Those polls are not definitive predictors of the November outcome, by any means. A movement in the national numbers, which could easily occur in the final weeks, will change the look of many of those states. But at this point, the available evidence suggests that the advantage, however small, is with Obama. If this were truly a dead even race, Romney should be ahead in these polls almost as often as he is behind.

Fingers crossed.

Get out the vote.


The (Possible) Coming Obama Landslide


has another great article at the Daily Beast. If you recall, his last one was a major smack down of Willard Romney's wimp factor. Read about it, you'll be glad you did: VIDEO- Robert Gibbs: Romney is “embarrassing.” Daily Beast: He’s “lame, annoying, a true wimp, a weenie, nervous, terrified, nasty, whiny.”

In keeping with Tomasky's article, yesterday I posted some encouraging news from Nate Silver: “Mr. Obama’s probability of winning the Electoral College increased…” Tomasky adds fuel and support to that assertion by writing in his new piece, "...The fact is that the more you look at it, the more you come to conclude that Mitt Romney has to draw an inside straight like you’ve never ever seen in a movie to win this thing."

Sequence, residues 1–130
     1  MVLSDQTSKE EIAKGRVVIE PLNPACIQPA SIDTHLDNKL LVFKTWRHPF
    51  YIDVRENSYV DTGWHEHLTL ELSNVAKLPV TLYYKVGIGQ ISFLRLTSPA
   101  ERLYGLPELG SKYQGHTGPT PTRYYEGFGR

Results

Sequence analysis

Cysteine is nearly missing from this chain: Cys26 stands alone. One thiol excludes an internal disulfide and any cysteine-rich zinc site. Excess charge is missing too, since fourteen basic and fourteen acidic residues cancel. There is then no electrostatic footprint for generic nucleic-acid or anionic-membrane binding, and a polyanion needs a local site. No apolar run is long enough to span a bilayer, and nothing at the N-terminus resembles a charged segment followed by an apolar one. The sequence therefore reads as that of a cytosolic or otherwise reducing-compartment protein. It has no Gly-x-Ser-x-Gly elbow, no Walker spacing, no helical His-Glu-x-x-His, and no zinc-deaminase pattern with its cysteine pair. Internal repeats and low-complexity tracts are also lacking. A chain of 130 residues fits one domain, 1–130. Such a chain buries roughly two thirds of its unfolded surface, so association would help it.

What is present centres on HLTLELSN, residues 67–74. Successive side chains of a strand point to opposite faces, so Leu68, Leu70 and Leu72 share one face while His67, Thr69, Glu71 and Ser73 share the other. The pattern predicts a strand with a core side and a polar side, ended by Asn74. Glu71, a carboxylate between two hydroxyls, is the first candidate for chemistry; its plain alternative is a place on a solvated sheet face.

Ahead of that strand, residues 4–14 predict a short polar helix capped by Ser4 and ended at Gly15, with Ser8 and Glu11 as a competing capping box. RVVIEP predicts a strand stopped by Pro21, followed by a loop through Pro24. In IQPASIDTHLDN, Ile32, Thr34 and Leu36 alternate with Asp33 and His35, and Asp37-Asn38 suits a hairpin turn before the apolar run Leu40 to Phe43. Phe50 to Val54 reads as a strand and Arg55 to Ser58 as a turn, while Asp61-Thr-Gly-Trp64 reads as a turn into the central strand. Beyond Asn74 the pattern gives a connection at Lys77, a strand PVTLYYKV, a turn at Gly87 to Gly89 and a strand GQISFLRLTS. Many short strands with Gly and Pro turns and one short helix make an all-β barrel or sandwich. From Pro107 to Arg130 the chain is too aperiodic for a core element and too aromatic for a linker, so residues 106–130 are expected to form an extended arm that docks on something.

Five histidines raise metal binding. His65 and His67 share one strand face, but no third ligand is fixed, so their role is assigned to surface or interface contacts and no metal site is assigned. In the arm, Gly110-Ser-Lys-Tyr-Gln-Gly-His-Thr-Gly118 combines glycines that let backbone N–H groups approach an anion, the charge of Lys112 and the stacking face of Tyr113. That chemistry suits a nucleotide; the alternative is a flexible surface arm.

He goes on to say that Pennsylvania has been trending back toward Obama lately. In fact, it has.


Obama can lose the big Eastern four—Ohio, Virginia, North Carolina, and Florida: all of ’em!—and still be reelected.

And barring some huge cataclysm, he’s not losing all four of those states. If he wins even one—say Virginia, the smallest of the four—then Romney has to win Colorado, Iowa, and New Hampshire; all possible, certainly, but all states where he has been behind, narrowly but consistently, for weeks or months. [...]

Sure, something big could happen to alter the dynamic completely. ... All the supposedly game-changing events of the last few weeks haven’t changed much of anything. This is a paradoxical situation that has little or no modern precedent, which makes it hard for people to accept. Liberals are too nervous to think it, reporters too intent on a “down to the wire” narrative, and conservatives too furious and disbelieving, but it’s shaping up to be true: An extremely close election that on election night itself stands a surprisingly good chance of being not that close at all.